Spread of Robert Steinberg's portfolio for "The Albumen Alternative," published in the March 1983 edition of Camera Arts magazine. The four-color reproductions were good, but could not do justice to the originals.
Written by Jim Hughes
Who among us can truly fathom the undeniable allure of a work of art? In its first incarnation, Camera Arts published a portfolio of hand-crafted albumen prints by the photographer Rob Steinberg (March, 1983) that exhibited a certain subtle, and fragile, beauty. Each print was one of a kind, an amalgam of the seemingly long-neglected arts of paper making, pictorialism and, some might even say, alchemy.
Although most of our stories at the time were written by freelancers, these images so enthralled my editorial assistant at the time that she asked to write it herself. Her first feature. In her open cubicle of an office, she surrounded herself with the oversize still-life prints, essentially living with them each working day, literally breathing their rare air. In the end, her carefully wrought words caught the essence of one artist's passions. To forestall any possible damage, we made large copy transparencies and reproduced from these for the magazine rather than sending the irreplaceable originals to the printer.
The portfolio was well received by our readers, and the photographer called to express his satisfaction. But a few months later, I received another call from the photographer. "Now that everything is finished, when can I expect to receive my prints back?" he wanted to know. I think he may have had a gallery exhibit planned.
I thought the portfolio had already been returned, shortly after publication. I asked my assistant why it hadn't been. "I haven't been able to find it," she admitted. Her eyes welled up. "It was here; then it wasn't. I’ve been looking everywhere for it, but I didn't want to tell you the prints were lost because I thought they must just have been misplaced somewhere."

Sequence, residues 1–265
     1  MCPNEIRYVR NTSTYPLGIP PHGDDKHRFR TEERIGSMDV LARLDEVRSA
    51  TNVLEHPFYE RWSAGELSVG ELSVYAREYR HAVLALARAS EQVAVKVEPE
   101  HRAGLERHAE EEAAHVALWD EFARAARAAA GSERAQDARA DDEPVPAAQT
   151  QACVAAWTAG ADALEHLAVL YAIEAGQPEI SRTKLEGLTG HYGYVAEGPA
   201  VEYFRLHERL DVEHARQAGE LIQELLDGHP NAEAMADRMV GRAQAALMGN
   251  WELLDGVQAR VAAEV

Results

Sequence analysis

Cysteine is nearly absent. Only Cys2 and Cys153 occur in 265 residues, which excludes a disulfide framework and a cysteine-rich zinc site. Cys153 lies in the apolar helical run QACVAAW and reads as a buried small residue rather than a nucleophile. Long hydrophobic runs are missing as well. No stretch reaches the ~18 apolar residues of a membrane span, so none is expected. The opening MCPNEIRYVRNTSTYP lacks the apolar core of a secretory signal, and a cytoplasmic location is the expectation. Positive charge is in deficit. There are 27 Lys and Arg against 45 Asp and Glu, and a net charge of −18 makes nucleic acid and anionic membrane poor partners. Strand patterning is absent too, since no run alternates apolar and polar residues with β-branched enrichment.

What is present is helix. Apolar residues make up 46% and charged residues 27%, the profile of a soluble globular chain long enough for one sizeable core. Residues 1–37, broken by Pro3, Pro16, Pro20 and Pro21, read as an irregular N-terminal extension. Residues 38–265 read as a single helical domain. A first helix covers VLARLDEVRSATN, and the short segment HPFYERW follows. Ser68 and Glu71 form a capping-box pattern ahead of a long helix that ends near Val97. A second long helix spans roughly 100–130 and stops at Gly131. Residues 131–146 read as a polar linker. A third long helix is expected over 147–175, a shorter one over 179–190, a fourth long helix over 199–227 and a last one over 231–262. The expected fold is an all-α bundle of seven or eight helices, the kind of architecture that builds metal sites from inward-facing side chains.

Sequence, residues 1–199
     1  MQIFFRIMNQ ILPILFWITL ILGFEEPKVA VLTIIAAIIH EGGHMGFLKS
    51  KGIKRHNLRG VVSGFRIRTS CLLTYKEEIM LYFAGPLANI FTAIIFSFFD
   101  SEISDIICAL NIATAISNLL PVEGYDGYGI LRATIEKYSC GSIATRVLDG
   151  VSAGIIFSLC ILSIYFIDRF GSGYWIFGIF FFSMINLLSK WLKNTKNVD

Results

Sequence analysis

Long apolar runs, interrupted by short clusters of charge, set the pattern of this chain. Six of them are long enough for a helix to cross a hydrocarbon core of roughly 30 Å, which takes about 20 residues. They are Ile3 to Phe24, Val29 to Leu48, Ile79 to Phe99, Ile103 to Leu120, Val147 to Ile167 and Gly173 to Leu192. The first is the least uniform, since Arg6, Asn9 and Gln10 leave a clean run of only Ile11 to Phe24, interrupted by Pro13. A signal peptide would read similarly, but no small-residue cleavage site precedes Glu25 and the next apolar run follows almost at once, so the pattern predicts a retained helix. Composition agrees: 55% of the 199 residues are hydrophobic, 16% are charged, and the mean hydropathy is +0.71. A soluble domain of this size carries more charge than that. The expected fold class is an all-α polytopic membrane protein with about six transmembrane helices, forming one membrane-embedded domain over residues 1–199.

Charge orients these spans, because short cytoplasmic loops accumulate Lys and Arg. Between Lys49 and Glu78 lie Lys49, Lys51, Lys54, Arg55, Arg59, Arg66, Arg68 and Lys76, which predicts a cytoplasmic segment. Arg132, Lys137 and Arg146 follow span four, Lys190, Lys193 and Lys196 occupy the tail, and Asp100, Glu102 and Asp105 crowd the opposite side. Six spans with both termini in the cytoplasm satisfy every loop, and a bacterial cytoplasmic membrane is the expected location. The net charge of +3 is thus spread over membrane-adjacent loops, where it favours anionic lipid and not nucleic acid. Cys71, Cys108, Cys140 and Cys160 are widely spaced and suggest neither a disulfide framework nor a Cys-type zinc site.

She remembered putting everything back in the photographer's large portfolio box, then sliding that back into its original packaging, which we always tried to save. The sturdy package was finally placed back on a shelf. Our records showed a log-in date, but nothing to indicate a return or a pickup.
We—meaning the whole staff, top to bottom—proceeded to turn the office complex, which we shared with Popular Photography, upside down and inside out. Nothing. Had the work been stolen, right under our noses, by a visiting photographer? Or was it an inside job? Perhaps one of our own staff members had developed an uncontrollable lust for the images. Or had our nightly cleaning service accidentally tossed the package? Everything and everyone was suspect. After a week of fruitless searching, we finally had to admit that the portfolio had simply disappeared. It was not only a mystery—it was a photography magazine's worst nightmare.
I called Rob to tell him the bad news. In a neat bit of rationalization, I think I used the word "misplaced." In any event, I said, it was clearly the magazine's responsibility. We intended to keep searching, but if all else failed, we ultimately would pay for remaking the prints—knowing full well that in his case, no amount of money could make up for the time, energy, skill, and passion involved. For his part, the photographer displayed more understanding than I might have had I been in his place.
Months passed. One day I received another call from the photographer. I thought he might finally be requesting recompense. No. Seems he'd been contacted by a woman—she sounded quite elderly, he said—who told him she'd found something she thought might belong to him. Asked to describe it, she said it was package of "lovely photographs, I think they are, that look like paintings."
She found them in a pile of trash in her Greenwich Village neighborhood, waiting at the curbside to be picked up by a New York City Sanitation truck. "I don't know why," she explained, "but my little dog pulled me right to them and started sniffing. Your address and phone number were inside the box, and I thought you might want the contents back."
Before long, Rob and his portfolio were reunited. Nothing was damaged and no prints were missing, he reported. But the mystery remained. How did a large portfolio belonging to a Boston-area artist make its way from an office building on the East Side of Manhattan down some 30 blocks to end up in a trash heap in the far West Village? What sort of thief goes to the trouble of making off with something so large and specific, of such obvious aesthetic and probably significant monetary value—even managing somehow to evade the watchful eyes of knowledgeable professionals—only to later totally abandon the endeavor?